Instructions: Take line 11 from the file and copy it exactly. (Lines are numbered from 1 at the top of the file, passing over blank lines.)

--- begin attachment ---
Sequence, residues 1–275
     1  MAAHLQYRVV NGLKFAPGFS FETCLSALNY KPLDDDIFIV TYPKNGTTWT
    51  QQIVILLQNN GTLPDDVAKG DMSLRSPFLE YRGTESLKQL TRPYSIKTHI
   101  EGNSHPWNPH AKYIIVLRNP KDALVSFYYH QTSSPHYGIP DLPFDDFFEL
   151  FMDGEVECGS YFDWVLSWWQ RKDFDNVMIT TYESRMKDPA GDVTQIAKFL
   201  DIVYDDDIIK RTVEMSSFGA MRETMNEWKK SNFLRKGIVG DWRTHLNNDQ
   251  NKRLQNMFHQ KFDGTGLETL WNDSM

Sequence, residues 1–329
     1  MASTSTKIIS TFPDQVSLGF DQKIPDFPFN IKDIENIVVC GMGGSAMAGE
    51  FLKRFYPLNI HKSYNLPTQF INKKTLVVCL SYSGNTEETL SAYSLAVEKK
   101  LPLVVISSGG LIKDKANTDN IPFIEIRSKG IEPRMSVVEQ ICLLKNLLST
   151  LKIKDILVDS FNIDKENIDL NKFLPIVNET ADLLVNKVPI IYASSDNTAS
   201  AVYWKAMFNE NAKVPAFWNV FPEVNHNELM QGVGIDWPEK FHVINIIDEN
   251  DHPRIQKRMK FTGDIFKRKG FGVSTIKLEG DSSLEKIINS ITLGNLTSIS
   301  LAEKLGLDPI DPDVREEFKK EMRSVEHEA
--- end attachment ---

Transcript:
   101  LPLVVISSGG LIKDKANTDN IPFIEIRSKG IEPRMSVVEQ ICLLKNLLST